Caritas remembers that the integration of Ukrainians in Europe is a threefold challenge. On side, refugees need jobs. And on the other, their children need to receive an education, something which today is complicated.
There are situations in which some families want to return as soon as possible to Ukraine, rightly so, and so they don’t want to send their children to school, they continue doing remote learning from Ukraine. On the one hand, this is very nice because it keeps that active link, but it doesn’t lead to integration.
Now, Caritas is warning of the huge challenge ahead of them of supporting families through the trauma of being separated from their loved ones.
Such as was the case with Natalia, who escaped from Ukraine in March while waiting for her children to follow here.
Until my children made it here I couldn’t eat or sleep.
Or with Kateryna and Yulya, whose husbands fought in the battle of Mariupol.
You are our last hope. We hope you can save their lives. Please don’t let them die.
That’s why Caritas Ukraine is asking countries that receive refugees to be patient and to help their fellow citizens, especially from a psychological point of view.
In fact they say that in Ukraine, that’s half the battle.
In the begining, when there is a trauma you don’t inmediatly go deep. Yeah? The first moment is just that moment when you need somebody, when you encounter them, when you are able to welcome them with love and compasion, with empathy. And that is the first step that I think Caritas is being working on.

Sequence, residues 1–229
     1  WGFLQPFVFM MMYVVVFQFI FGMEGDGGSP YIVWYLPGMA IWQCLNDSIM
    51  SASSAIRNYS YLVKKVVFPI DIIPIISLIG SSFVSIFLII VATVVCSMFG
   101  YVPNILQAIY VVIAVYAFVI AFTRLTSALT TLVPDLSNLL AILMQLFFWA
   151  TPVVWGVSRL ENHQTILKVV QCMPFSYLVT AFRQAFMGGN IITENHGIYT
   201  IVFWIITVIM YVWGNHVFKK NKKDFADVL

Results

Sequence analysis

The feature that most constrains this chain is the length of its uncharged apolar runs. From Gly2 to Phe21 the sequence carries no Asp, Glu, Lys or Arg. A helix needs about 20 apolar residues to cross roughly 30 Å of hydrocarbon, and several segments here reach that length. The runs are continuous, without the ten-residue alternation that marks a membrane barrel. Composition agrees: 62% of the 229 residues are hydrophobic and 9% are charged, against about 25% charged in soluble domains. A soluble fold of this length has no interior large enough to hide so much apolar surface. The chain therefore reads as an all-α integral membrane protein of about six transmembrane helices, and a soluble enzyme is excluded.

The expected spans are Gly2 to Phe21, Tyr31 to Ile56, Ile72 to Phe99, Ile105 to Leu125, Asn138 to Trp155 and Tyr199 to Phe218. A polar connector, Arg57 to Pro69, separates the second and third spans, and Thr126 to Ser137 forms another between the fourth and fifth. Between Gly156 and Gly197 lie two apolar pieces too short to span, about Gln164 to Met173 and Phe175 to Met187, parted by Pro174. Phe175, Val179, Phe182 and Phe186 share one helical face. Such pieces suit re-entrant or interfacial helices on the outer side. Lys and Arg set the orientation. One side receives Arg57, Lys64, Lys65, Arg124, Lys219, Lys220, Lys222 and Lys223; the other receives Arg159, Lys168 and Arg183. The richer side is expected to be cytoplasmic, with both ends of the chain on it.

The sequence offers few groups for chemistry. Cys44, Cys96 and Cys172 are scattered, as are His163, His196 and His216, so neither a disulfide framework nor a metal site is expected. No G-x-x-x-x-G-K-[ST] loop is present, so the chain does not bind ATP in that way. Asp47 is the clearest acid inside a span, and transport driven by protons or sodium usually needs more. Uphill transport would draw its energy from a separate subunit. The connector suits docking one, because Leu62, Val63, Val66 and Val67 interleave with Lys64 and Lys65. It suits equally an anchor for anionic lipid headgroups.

The second step is just as important: helping refugees deal with trauma as it manifests itself.
That’s why the leadership of of Caritas and Caritas-Spes Ukraine urge countries not to leave refugees behind, and to invest in this type of work.
They made their appeal from Rome, where they gave their testimony on how they cope with the horrors of war on a daily basis.
The organization praised the work of the Vatican’s ambassador, who was one of the few diplomats who did not leave the country during the early stages of the war. And they also met with the Pope.
FR. VYACHESLAV GRYNEVYCH
I told him about the children that I met in Ukraine, I told him about the heroism of that people, I told to him about eyes that have seen war in Ukraine, about experience of that people.
In total, more than 6 million people fled Ukraine from the start of the war until the first half of May, although reports estimate the true figure is much higher.